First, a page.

- Is there anything I want to hold on to that I don’t have a strong defense for? Meaning, something more then “I like this / I think other people will like this?”
- Do the things I want to hold on to serve a strong need in my project?
- How far am I able to go with my fix?
- Is fixing my project more time efficient then starting over?
- Do I run the risk of falling deeper into the Sunk Cost Fallacy if I keep heading the way I’m going?
- Am I sacrificing quality for ease?
When you’re armed with this information, you’ll start to see the places where you might be able to trim things down and fix them. Now, I’m going to run through the above questions using my roux as an example to show you how it works.
- What from my project am I okay with scrapping? Is there anything that you know right away I’m willing to let go on the spot? I don’t really want to scrap any part of my soup.
- From what’s remaining, what do I want to hold on to? Why? I can’t let go of the vegetable broth or bacon because the vegetables, bacon, and cream that comprises them cost a lot of money.
- Is there anything I want to hold on to that I don’t have a strong defense for? Meaning, something more then “I like this / I think other people will like this?” The only reason I don’t want to scrap the roux is because I don’t want to leave my house to get more flour / take time to cook a new roux.
- Do the things I want to hold on to serve a strong need in my project? All of the parts of my soup are important; without a roux, the soup won’t be creamy.
- How far am I able to go with my fix? I can’t make a new soup if this one doesn’t turn out well. It took me over an hour to prepare the bacon and vegetables. The roux took time too, but it was relatively laborless compared to the other parts.
- Is fixing my project more time efficient then starting over? Scrapping the roux and making a new one is definitely less time intensive then making the whole soup again from scratch if adding the roux ruins it texture / color.
- Do I run the risk of falling deeper into the Sunk Cost Fallacy if I keep heading the way I’m going? If I add the roux and it ruins the color, no one will eat my soup. It’ll look gross.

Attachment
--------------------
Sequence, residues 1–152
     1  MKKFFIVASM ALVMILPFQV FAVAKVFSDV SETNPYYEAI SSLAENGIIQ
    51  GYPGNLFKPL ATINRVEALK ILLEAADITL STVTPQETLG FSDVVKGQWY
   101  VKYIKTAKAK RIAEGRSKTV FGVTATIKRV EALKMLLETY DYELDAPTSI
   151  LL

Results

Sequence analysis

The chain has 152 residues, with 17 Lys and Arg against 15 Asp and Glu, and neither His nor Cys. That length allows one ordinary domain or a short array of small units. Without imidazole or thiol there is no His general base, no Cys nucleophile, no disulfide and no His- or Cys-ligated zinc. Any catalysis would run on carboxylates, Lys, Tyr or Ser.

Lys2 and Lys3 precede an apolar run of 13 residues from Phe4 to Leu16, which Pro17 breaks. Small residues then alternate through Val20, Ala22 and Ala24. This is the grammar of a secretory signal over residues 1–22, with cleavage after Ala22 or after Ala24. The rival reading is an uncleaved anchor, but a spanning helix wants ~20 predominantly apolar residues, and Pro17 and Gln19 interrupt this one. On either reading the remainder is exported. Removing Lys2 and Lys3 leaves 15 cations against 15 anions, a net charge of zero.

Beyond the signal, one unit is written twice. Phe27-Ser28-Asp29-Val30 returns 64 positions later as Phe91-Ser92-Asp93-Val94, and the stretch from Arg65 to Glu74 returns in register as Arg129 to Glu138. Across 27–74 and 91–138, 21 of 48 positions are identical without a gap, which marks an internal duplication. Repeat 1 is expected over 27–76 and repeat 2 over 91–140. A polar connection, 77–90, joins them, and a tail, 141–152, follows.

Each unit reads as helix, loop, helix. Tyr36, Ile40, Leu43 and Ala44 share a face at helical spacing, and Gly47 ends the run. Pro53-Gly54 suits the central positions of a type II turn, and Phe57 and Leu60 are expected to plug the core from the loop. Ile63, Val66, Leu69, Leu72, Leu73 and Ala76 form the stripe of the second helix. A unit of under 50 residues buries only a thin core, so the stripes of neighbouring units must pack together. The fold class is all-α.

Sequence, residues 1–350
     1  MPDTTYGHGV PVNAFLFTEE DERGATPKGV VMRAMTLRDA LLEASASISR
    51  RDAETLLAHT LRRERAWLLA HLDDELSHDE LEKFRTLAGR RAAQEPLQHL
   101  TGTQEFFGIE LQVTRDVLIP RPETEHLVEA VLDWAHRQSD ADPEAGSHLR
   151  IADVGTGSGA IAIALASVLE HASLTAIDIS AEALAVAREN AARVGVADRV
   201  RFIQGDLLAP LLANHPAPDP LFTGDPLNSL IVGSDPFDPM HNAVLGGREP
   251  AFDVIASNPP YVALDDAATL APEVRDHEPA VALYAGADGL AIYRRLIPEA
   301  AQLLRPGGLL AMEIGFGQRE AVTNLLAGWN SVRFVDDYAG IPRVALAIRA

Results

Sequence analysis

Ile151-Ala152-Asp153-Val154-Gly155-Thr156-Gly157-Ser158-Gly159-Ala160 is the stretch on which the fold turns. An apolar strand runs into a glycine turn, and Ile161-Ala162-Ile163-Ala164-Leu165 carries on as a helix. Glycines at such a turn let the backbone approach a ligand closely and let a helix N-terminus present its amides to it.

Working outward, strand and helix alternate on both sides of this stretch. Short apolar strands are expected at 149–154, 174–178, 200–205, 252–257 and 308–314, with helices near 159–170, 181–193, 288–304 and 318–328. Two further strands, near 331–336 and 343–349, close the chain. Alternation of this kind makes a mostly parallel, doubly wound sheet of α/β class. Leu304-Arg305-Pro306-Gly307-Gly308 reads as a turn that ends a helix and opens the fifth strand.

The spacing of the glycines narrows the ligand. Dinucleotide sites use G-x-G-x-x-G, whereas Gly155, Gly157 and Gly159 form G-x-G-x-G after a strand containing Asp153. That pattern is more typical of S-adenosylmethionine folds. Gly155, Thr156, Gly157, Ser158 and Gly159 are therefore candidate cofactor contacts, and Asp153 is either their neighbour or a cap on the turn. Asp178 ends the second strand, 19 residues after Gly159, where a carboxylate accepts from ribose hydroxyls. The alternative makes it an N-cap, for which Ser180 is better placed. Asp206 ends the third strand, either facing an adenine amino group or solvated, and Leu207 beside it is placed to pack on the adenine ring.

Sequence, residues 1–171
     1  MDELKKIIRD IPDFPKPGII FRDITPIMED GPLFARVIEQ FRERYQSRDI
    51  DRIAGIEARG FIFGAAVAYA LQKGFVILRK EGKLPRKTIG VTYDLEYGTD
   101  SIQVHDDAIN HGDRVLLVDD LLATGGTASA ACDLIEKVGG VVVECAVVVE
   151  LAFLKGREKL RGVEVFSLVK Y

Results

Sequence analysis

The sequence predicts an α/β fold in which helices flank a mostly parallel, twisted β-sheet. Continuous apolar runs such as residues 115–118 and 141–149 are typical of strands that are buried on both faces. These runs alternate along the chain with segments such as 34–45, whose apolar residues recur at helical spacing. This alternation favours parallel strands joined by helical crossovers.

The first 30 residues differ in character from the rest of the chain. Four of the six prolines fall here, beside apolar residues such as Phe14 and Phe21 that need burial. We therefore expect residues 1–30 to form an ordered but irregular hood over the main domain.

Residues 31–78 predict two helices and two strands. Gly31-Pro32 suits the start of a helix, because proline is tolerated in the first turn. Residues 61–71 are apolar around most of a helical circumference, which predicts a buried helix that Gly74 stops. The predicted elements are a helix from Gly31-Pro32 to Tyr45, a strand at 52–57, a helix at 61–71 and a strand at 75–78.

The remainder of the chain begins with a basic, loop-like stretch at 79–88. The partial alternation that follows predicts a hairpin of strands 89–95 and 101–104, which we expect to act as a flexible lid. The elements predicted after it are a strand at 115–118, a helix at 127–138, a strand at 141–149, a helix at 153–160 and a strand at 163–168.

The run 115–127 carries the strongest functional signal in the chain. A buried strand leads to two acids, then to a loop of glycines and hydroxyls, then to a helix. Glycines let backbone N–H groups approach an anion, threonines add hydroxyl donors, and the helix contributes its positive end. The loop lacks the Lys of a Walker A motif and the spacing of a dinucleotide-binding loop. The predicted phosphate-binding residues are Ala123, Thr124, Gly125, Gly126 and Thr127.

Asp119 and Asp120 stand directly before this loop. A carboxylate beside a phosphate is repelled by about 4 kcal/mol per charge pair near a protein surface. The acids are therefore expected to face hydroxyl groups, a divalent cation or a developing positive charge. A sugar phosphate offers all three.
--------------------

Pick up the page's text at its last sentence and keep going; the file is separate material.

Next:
- Am I sacrificing quality for ease? Probably. I really don’t want to go out….
In the end, I turned off the heat for my soup and went out to get ingredients to make a new roux. I got my mom on the line because she’s an amazing cook, and together we made a significantly nicer-looking roux. My soup looked and tasted amazing, although later James Ballod (author of Code Switch and culinary major) told me that my roux probably would have tasted and looked fine if I had used it. But I wanted to make sure my presentation was on-point, and I was satisfied by the changes I made. Overall I consider the project a success.
If you want to learn more about Sunk Cost Fallacy, I recommend this video by Extra Credits. It is an extremely good guide on the subject if you want to know more. Next time, I’m going to be taking a break from Game Design to take a turn back towards Iconic Design. After all, I’m feeling a bit skitterish after having not done any builds for a while. But until then, I’m Alexander Augunas, the Everyman Gamer, and I’m always here to offer you a little bit of Guidance!
Alexander “Alex” Augunas has been playing roleplaying games since 2007, which isn’t nearly as long as 90% of his colleagues. Alexander is an active freelancer for the Pathfinder Roleplaying Game and is best known as the author of the Pact Magic Unbound series by Radiance House. Alex is the owner of Everyman Gaming, LLC and is often stylized as the Everyman Gamer in honor of Guidance’s original home. Alex also cohosts the Private Sanctuary Podcast, along with fellow blogger Anthony Li, and you can follow their exploits on Facebook in the 3.5 Private Sanctuary Group, or on Alex’s Twitter, @AlJAug.